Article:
- Boldness and an adventurous spirit. "Open to new experiences"; "Pushing to and coping with failure"
- Passion. "Showing an obvious passion for either the profession they want to study or the university itself "
- Social responsibility and empathy. "Do they volunteer for a cause? Have any special interests they've given their time to?"
Applicants with these characteristics demonstrate the maturity and resourcefulness that tells admissions counselors they'll make the most of the college experience.
Advice for applicants: Keep it real
Your job as an applicant is to communicate your unique qualities--your hook, as Steve Cohen puts it. Colleges are making it easier and easier to introduce yourself to the committee. Expect to find these "Get to Know You" options in your college application:
1. Personal statement: University of Pennsylvania popularized the psyche-revealing personal essay question in the late 1980s, asking: "You have just completed your 300-page autobiography. Please submit Page 217." Since then, college admissions committees have attempted to provoke creativity and/or candid self-revelation with ever-quirkier writing prompts. For example, University of Chicago's 2011-2012 application asks: "What does Play-Doh™ have to do with Plato?" (There is no right answer) while another prompt invites students to describe their "non-scientific method" using diagrams, graphs and/or visual aids. Rice University simply asks applicants to submit a picture (any picture) they like.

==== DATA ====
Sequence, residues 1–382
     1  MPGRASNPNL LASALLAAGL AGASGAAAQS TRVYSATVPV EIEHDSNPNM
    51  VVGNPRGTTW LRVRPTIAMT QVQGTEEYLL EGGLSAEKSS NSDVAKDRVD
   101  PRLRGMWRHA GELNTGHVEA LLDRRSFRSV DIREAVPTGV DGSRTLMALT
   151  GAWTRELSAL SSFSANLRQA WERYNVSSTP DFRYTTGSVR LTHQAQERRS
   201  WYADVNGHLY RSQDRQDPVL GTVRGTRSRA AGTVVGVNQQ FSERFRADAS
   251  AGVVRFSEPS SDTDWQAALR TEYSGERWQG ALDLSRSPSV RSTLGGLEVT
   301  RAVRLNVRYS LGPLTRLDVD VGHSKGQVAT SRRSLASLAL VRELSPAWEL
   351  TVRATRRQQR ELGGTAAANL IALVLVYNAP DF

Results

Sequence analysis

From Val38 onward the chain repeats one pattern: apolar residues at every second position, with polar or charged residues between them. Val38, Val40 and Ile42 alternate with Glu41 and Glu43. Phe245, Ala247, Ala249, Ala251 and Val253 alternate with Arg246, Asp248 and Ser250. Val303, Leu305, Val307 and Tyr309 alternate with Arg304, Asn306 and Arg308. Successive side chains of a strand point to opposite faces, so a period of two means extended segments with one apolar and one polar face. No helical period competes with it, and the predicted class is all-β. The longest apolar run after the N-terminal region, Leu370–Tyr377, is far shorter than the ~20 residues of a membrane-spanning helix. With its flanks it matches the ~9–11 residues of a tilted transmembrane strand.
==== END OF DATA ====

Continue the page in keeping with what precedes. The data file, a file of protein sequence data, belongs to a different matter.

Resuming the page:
Admissions counselors have several motives in asking for a personal essay. Irreverent questions reveal creativity, adventurousness and the applicant's unique cast of mind--plus, an off-the-wall question is less likely to produce a plagiarized or canned response. In a New York Times article, MIT dean of admissions Marilee Jones observes that quirky essays are a way to loosen applicants up and get them to write essays that are a little less safe and more inspired.
2. Interview: Many admissions counselors place confidence in the good old-fashioned interview. Bard College invites students to visit campus, participate in a faculty seminar and meet with an admissions counselor. If you take them up on the offer, you can expect an admission decision the next day.
3. Creative portfolio: Many four-year universities request a multimedia record of your artistic accomplishments. Saint Leo University's admissions staff may review resumes, YouTube videos, DVDs or slideshows of athletic or artistic talents; PowerPoint presentations of personal backgrounds or interests; and even music or poetry students compose, says associate VP of enrollment, Scott Rhodes. The virtual talent show is an opportunity for students to highlight special skills and accomplishments.
Standardized testing and GPA numbers have their place in the admissions process as a basic benchmark. But when it comes time to sift through qualified applicants and choose the next entering class, admissions counselors have to make hard choices. A clear hook helps you stand out from the pack and, if the fit is right, land in the committee's "admit" pile.